Consumers should not be dissuaded by high rates, pundits say
With high rates, elusive affordability and low inventory, there’s been much lament recently on the state of the housing industry. And yet the sector remains arguably the strongest in all asset classes and the one expected to perform the best once the fog of inflation lifts.
“In our opinion, the housing market is going to hold on way better than any other asset,” Max Slyusatchuk (pictured top left), CEO of A&D Mortgage, told Mortgage Professional America in a recent telephone interview.
He acknowledged the negative impact volatile interest rates have had in the market, particularly as the Fed attempts to bring inflation down by hiking up rates. But even under that scenario, the housing market is likely to emerge strongly.
“In any type of scenario that comes through the gate, in our opinion residential is going to hold up way better than everything else – bonds, commercial, industrial.”
Housing performing better than other sectors
He cited the office market as an example of diminishing returns in the current economic climate. By contrast, the housing market is expected to fare much better once the dust clears, he suggested.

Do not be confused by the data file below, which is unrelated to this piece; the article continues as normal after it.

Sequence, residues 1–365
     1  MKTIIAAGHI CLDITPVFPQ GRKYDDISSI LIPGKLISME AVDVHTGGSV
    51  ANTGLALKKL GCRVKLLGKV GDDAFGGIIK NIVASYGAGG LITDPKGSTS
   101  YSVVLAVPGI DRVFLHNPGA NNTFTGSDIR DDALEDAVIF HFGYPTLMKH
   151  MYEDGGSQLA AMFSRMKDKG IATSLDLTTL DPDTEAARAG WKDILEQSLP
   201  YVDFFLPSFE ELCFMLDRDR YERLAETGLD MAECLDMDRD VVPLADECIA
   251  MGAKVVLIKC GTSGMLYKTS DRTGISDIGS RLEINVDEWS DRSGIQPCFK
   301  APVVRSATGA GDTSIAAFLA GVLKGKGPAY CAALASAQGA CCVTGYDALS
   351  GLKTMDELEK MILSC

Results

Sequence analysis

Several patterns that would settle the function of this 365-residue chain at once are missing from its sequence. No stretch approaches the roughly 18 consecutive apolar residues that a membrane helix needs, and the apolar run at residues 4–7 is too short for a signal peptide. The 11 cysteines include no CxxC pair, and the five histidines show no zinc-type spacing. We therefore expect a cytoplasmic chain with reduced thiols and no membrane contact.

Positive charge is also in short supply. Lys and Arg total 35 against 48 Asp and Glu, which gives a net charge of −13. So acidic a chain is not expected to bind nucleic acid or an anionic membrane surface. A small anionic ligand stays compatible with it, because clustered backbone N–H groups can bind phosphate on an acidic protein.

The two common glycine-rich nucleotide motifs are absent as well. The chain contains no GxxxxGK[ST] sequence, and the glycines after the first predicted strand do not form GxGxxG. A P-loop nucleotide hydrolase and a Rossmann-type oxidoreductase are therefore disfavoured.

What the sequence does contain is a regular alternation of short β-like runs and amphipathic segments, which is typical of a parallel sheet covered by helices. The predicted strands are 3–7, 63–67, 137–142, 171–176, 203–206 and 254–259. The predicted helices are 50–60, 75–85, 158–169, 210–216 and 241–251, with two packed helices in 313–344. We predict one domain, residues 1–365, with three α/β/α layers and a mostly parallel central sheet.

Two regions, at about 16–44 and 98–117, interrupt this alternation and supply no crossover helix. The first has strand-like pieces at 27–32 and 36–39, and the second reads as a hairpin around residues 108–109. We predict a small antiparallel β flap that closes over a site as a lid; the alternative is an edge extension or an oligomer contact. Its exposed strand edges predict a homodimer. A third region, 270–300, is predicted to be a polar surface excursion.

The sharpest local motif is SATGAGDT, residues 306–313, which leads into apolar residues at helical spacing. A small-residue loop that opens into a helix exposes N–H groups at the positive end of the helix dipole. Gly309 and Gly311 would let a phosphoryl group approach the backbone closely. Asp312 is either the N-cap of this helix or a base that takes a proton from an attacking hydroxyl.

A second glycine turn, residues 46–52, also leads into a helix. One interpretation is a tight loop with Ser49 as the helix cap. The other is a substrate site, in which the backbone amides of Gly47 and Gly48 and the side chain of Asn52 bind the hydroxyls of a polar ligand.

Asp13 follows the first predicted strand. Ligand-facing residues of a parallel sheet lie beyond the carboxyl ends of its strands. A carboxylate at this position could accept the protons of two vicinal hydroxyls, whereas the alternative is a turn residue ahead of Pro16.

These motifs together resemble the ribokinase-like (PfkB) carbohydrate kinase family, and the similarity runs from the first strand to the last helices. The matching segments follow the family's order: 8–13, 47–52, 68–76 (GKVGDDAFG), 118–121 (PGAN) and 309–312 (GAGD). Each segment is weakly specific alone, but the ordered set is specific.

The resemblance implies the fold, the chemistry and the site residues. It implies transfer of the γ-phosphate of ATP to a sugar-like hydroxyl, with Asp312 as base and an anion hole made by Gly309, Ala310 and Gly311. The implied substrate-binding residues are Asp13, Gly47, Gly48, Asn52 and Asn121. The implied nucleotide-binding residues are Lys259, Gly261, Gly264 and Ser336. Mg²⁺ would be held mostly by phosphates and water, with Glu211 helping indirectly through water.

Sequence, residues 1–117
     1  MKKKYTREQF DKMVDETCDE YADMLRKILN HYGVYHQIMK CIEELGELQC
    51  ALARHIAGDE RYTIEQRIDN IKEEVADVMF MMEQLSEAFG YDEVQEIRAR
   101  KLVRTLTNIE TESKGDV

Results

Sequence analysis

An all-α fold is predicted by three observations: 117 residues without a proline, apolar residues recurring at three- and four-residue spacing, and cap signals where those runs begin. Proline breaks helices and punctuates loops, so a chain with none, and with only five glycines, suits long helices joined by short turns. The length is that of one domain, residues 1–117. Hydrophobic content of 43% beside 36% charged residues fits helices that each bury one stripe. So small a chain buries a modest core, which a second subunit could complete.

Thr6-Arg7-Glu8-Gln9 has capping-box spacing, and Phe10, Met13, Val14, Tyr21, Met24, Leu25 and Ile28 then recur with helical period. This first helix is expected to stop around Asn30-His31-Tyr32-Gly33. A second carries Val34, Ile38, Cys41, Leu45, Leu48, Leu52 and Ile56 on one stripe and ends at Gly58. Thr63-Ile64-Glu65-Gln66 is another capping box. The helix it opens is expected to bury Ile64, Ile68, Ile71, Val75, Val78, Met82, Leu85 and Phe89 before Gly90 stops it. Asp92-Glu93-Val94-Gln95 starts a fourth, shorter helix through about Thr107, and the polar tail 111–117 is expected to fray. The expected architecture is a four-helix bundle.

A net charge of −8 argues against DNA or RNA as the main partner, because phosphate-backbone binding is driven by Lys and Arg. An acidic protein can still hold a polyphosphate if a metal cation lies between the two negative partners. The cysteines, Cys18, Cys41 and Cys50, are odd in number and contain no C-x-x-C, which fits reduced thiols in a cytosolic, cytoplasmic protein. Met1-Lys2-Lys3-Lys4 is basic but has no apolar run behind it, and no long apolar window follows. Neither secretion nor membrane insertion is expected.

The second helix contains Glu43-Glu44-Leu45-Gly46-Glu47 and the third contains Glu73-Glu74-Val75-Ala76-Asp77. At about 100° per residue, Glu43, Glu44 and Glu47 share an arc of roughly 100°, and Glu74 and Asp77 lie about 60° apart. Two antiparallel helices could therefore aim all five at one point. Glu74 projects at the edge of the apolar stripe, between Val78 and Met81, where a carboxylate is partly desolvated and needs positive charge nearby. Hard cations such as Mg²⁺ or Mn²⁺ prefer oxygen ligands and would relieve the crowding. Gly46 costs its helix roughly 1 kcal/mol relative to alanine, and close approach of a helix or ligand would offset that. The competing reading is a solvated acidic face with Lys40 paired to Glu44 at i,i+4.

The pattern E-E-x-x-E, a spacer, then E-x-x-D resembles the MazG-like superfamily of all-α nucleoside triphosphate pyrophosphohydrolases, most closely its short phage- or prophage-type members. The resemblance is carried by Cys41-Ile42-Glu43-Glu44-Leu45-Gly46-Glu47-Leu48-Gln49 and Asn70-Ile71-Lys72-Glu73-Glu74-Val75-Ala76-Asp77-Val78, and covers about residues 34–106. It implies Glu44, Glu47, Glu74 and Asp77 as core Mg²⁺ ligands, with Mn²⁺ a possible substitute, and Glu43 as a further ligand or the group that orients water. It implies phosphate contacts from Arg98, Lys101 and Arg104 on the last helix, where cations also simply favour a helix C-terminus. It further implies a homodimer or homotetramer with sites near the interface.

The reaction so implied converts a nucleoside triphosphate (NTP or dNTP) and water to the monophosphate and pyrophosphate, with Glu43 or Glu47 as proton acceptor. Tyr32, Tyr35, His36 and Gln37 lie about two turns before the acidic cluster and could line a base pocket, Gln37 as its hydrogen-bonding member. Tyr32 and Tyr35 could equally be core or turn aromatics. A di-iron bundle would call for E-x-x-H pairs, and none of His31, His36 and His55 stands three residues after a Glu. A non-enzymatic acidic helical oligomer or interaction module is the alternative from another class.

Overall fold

“No matter what stress test you put it on – no hikes, two hikes, 10 hikes – we think this time around is not like 2008, and residential will behave way different,” Slyusatchuk said. He referred to the test of rate hikes or lack thereof that may be imposed by the Fed in terms of a de facto test of the sector’s strength.
Rebecca Richardson (pictured top right) of UMortgage is among those bullish on the housing market. Self-described as the Mortgage Mentor given her prolific output of educational videos, she urges consumers not to be discouraged by higher mortgage rates in their quest to purchase a home.
A hedge against inflation
“The thing is, even with higher interest rates, waiting too long to buy a home can make it even harder,” she said. “And that’s because delaying homeownership means it will take you longer to save up for a down payment thanks to the relentless impact of inflation.”
She urges those wishing to buy to take the “savvy move” despite inflation.
“Here’s the savvy move,” she said. “Buy a home in spite of market conditions. You’re going to have a housing expense anyway, so if you think about paying a mortgage it’s kind of like forced savings. Because you’ll build equity over time, you can later leverage that toward other financial goals or to purchase your next home.”
She views homeownership as something of a hedge against inflation: “While there’s not much we can do about inflation, there are ways we can use it to our advantage,” she said. “Homeownership can be your secret weapon to help build your net worth while still enjoying the comfort of your own space.”
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